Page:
GREISMAN knew that the tax shelter transactions would be allowed by the IRS only if there was a reasonable possibility of a profit. GREISMAN also knew that, given the costs and fees to the clients, and the nature and duration of the transactions, the tax shelters had no reasonable possibility of resulting in a profit. In addition, GREISMAN knew that the clients who purchased the tax shelter had no non-tax business reasons for entering into the transactions, and that the fees were set as a percentage of the tax loss sought by the clients. To make it appear that the tax shelter clients had the requisite business purpose and that there was a possibility of profit, GREISMAN andThe plea to three counts -- two 5 year and one 3 year count -- permits a maximum sentence of 13 years by stacking each of the counts of conviction. With inclusion of relevant conduct (assuming all or most of the amounts alleged in the indictment are included under conspiracy theory), the Guidelines indicated range for sentencing is likely to exceed 13 years. Under the post-Booker regime, of course, the Guidelines range -- here capped at 13 years -- is only advisory, so I would expect that he will receive less. Indeed, there may have been an explicit or implicit Government agreement to recommend or not to oppose a sentence materially less than 13 years.
his co-conspirators reviewed and approved the use of a legal opinion letter issued by J&G that contained false and fraudulent representations purportedly made by the clients about their motivations for entering into the transactions.
* * * * GREISMAN and his co-conspirators caused the clients to file false and fraudulent tax returns incorporating the supposed tax shelter benefits. GREISMAN coordinated the provision of information to the IRS in the course of audits of BDO tax shelter clients, including bogus paperwork that contained false descriptions of the clients' motivations for entering into the transactions. In addition, GREISMAN assisted certain clients in providing false testimony to the IRS, when those clients were audited and questioned by the IRS.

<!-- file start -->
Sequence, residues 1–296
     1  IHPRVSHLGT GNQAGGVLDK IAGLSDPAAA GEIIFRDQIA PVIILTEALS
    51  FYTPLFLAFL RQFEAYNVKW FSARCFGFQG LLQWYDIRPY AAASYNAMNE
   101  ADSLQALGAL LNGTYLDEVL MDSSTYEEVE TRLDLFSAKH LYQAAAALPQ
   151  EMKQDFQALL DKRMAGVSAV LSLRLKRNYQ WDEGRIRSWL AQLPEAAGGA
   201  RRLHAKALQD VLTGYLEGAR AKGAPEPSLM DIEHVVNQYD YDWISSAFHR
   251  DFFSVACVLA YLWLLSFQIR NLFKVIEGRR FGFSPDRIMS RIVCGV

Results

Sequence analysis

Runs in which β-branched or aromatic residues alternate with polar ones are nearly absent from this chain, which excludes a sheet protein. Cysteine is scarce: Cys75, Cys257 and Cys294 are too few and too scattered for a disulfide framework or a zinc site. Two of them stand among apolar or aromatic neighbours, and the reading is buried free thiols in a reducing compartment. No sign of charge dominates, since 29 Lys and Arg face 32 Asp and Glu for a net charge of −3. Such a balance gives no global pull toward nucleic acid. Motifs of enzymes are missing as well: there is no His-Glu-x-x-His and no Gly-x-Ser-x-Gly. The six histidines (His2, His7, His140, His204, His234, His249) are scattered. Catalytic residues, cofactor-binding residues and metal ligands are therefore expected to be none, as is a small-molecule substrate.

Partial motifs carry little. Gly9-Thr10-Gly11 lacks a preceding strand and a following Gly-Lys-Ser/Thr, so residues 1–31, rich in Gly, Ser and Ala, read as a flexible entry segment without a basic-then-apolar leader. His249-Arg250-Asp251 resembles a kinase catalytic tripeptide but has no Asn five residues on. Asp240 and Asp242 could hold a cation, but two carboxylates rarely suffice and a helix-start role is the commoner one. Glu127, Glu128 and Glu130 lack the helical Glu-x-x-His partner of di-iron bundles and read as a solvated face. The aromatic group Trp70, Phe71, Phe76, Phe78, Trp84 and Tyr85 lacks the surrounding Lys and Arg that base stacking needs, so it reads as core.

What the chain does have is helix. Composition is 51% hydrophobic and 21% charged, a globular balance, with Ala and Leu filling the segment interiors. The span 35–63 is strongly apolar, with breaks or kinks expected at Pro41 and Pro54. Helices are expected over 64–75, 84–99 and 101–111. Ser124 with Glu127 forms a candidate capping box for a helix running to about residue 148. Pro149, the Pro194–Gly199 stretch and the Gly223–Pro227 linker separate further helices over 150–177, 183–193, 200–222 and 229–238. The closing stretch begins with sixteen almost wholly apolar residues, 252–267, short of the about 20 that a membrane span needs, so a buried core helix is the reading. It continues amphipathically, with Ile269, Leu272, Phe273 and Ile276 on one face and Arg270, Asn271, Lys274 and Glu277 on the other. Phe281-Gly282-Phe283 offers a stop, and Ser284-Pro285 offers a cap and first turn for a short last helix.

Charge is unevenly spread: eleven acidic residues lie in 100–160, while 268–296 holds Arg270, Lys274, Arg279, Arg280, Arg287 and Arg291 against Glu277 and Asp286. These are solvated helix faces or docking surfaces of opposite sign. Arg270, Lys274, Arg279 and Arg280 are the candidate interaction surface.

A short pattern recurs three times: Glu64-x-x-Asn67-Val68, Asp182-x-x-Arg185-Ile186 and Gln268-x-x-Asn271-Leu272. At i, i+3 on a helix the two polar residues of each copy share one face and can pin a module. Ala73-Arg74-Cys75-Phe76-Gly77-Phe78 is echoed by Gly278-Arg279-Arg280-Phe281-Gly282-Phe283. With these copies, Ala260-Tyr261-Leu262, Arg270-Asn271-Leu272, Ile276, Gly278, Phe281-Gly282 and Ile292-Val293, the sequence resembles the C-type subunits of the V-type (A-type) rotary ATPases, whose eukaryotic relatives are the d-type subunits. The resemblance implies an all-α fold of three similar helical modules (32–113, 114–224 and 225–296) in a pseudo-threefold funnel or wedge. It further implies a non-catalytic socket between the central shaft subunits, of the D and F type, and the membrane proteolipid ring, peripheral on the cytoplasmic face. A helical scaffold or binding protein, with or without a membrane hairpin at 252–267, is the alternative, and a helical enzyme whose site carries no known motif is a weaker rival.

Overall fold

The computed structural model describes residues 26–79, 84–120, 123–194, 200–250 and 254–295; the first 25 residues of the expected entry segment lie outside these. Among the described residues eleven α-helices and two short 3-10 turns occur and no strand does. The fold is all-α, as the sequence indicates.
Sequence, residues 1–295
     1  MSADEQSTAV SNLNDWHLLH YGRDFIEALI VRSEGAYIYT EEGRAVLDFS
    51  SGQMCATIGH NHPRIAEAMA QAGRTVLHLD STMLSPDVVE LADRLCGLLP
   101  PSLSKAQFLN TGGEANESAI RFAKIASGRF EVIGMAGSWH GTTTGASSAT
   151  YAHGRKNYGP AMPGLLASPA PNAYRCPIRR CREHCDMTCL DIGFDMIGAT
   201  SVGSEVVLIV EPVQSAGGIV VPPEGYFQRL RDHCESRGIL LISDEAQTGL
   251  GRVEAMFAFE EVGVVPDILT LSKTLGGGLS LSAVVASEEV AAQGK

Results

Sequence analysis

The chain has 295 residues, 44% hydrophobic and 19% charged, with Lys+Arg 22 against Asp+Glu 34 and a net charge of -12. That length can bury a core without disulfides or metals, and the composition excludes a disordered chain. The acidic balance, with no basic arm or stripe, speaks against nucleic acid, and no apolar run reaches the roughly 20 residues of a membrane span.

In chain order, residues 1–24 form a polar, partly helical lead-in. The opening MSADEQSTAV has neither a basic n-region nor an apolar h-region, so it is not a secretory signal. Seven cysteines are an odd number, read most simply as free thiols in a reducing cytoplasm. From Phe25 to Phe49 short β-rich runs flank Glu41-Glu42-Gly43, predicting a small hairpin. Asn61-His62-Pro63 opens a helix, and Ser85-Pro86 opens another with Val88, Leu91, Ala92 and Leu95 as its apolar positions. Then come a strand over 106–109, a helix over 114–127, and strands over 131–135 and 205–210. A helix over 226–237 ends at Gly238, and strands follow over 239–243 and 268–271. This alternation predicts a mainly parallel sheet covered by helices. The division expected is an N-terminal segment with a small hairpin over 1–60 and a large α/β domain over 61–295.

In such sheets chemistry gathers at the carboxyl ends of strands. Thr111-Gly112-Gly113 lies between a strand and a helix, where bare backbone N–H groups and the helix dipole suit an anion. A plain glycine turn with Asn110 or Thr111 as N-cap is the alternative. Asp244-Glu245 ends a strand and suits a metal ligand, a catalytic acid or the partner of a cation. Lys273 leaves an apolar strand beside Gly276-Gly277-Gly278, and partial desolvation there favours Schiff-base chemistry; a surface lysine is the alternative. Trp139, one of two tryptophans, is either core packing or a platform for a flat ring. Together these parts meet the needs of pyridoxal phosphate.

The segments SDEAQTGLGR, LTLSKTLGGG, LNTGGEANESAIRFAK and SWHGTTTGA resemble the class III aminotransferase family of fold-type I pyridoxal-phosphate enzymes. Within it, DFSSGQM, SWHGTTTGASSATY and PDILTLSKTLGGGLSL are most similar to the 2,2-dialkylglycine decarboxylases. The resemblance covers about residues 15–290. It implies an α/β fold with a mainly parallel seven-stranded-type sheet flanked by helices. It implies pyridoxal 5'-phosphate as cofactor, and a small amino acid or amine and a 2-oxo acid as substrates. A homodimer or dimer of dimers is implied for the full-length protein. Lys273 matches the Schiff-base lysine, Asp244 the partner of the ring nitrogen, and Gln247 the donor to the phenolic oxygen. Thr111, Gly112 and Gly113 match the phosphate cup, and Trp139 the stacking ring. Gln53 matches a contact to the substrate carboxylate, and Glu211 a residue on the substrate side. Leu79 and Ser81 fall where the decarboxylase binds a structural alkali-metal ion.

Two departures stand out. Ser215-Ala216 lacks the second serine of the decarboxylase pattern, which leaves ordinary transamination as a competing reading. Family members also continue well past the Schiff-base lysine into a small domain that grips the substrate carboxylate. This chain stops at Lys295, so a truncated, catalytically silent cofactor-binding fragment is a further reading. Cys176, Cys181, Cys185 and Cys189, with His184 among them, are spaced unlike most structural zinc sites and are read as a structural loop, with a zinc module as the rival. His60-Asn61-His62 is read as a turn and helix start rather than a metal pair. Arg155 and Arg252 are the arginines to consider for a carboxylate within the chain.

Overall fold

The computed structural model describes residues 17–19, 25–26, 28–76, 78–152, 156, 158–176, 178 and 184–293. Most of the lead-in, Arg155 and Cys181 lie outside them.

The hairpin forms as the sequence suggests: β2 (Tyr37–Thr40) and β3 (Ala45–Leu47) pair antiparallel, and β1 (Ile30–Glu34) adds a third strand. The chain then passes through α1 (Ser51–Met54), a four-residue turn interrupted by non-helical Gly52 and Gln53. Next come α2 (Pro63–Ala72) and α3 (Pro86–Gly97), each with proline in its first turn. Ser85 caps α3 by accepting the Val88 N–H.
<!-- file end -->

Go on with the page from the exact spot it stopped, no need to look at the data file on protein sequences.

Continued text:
GREISMAN also specifically admitted criminal responsibility based on the sale by BDO of a tax shelter known as the "short option" transaction to one client, who was charged fees of approximately $513,000 by BDO Seidman and $230,000 by J&G. The short option tax shelter purportedly generated losses sufficient to offset the taxes due on $9 million of income the client had received. In fact, the short option transaction had the reasonable possibility only to net a profit of $90,000, thus resulting in no potential profit to the client. The client nonetheless filed tax returns with the IRS reporting false and fraudulent losses purportedly generated from the short options shelter, thereby evading a substantial amount of taxes that he would otherwise have had to pay.
This plea does not bode well for the remaining defendants in the Daugerdas case. In particular, by requiring a plea with a maximum sentence of 13 years, Mr. Greisman and the Government signaled that their case is perceived as very strong indeed.
For prior blogs on the Daugerdas indictment see here.